A pressing task in numerical weather prediction and climate modelling is the evaluation of modelled cloud fields. Recent progress in spatial and temporal resolution of satellite remote sensing increases the potential of such evaluation efforts. This paper presents new methodologies to compare satellite remote sensing observations of clouds and output of atmospheric models and demonstrates their usefulness for evaluation. The comparison is carried out for two MODerate resolution Imaging Spectrometer (MODIS) scenes from the BALTEX Bridge Campaigns. Both scenes are characterised by low-level clouds with a substantial amount of liquid water. Cloud cover and cloud optical thickness of five different models, LM, Méso-NH, MM5 (non-hydrostatic models), RACMO2, and RCA (regional climate models) as well as corresponding retrievals from high resolution remote sensing observations of MODIS onboard the Terra satellite form the basis of a statistical analysis to compare the data sets. With the newly introduced patchiness parameters it is possible to separate differences between the two scenes on the one hand and between the models and the satellite on the other hand. We further introduce a new approach to spatially aggregate cloud optical thickness. Generally the models overestimate cloud optical thickness which can in part be ascribed to the lack of subgrid-scale variability. However, LM underestimates the frequency of occurrence of cloud optical thickness at values around 25. Furthermore, we compare the standard operational output of the non-hydrostatic models to simulations of the same models including parameterized shallow convection. However, clear improvements in the representation of low-level clouds are not found for these models. A change of the effective radius in RCA shows that LWP and precipitation strongly depend on the parameterisation of autoconversion. Refined vertical resolution, implemented in RACMO2, leads to a better agreement between model and satelllite but still leaves room for further improvements. In general, this study reveals deficiencies of the models in representing low-level clouds, in particular for a stratiform cloud.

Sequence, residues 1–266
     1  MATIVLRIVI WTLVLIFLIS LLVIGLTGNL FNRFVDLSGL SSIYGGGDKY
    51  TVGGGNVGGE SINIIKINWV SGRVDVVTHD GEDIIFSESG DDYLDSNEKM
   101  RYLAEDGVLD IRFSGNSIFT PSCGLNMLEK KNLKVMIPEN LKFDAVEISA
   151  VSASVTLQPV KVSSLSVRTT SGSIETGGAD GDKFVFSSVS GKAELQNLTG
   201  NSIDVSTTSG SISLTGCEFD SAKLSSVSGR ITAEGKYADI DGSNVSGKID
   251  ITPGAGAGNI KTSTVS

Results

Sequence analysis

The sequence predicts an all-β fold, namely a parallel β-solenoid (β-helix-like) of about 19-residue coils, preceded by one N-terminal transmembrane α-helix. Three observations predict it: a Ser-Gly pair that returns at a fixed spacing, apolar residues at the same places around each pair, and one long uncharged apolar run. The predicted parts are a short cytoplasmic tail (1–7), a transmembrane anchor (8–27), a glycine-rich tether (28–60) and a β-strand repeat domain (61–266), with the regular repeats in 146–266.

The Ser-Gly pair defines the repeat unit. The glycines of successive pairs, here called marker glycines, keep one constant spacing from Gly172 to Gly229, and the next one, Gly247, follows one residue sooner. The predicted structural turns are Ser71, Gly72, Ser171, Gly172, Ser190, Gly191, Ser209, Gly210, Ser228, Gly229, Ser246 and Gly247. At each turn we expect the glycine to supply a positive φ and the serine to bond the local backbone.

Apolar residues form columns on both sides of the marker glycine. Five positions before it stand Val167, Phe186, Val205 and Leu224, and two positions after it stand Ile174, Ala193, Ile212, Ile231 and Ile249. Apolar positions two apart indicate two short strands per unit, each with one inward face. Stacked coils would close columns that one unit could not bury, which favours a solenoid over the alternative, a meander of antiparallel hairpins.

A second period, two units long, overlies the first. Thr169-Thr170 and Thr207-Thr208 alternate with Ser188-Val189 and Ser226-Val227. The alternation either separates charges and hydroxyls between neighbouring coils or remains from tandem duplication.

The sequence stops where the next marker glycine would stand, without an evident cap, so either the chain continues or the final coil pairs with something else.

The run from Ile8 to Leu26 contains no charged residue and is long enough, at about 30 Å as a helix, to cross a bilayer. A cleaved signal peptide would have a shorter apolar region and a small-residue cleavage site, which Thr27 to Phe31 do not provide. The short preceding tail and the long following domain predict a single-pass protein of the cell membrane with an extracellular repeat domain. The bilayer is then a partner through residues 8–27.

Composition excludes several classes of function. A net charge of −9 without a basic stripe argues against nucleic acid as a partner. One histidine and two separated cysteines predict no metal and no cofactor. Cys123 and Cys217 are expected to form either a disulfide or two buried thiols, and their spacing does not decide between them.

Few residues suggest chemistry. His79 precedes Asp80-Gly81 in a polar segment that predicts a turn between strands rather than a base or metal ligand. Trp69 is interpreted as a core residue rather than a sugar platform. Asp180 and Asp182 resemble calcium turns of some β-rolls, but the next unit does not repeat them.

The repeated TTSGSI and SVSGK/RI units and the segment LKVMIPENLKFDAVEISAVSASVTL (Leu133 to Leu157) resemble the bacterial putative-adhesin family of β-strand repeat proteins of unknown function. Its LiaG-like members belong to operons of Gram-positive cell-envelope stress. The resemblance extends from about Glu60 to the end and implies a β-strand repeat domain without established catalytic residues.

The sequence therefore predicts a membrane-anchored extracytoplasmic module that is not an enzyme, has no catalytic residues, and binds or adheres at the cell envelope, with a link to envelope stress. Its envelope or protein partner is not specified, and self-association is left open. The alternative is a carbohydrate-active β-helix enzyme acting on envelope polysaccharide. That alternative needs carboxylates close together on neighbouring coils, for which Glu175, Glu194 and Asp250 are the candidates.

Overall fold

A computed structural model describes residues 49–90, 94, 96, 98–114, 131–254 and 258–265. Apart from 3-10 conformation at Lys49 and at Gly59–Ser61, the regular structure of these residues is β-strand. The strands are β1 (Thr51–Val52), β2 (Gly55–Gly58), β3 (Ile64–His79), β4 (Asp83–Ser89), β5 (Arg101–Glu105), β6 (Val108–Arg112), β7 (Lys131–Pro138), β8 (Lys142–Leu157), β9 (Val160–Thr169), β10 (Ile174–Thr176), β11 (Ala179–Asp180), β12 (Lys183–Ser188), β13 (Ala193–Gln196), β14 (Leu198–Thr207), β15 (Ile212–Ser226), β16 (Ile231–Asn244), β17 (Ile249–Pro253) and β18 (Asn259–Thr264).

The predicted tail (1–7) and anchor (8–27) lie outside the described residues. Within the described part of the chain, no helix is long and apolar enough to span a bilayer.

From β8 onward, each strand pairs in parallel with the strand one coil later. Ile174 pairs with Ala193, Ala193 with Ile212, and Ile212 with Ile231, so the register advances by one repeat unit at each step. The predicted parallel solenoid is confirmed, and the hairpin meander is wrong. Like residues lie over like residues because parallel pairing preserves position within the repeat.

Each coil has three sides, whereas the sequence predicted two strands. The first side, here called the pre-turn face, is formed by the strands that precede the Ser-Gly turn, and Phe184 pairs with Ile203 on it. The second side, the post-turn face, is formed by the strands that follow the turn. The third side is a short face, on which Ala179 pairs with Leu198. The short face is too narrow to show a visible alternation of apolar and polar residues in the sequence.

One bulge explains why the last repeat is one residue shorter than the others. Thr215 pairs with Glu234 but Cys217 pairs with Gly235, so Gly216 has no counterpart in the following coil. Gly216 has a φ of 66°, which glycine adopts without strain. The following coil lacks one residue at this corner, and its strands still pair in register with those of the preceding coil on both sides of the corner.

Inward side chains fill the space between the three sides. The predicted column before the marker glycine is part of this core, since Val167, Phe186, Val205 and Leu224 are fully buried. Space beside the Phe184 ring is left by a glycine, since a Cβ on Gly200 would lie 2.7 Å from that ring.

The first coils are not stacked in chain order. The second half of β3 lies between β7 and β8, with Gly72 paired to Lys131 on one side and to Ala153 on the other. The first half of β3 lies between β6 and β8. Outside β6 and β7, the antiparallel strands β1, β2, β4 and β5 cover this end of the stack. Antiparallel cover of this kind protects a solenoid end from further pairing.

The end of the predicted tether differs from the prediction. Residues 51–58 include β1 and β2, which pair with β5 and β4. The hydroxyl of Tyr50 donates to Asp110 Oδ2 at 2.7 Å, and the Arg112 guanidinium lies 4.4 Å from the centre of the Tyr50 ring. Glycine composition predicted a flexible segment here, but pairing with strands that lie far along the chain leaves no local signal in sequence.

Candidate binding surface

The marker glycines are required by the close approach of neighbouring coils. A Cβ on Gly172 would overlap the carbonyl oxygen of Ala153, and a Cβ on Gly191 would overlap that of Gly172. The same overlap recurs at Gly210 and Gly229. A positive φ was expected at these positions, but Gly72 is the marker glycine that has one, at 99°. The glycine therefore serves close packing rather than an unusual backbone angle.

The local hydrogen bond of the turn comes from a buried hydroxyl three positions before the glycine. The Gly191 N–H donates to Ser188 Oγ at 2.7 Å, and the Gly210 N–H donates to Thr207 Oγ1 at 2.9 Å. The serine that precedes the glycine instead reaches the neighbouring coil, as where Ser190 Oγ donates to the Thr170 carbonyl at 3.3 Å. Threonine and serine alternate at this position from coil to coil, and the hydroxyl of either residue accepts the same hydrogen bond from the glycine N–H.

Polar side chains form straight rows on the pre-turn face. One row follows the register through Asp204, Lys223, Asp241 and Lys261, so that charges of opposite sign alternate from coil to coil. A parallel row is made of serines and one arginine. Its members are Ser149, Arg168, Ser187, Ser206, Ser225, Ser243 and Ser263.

M Schröder, NMN van Lipzig, F Ament, J-P Chaboureau, S Crewell, J Fischer, V Matthias, E van Meijgaard, A Walther, U Willén. Comparison of model predicted low-level cloud parameters with satellite remote sensing observations during the BALTEX Bridge Campaigns
published, Atmospheric Research, 2006, 82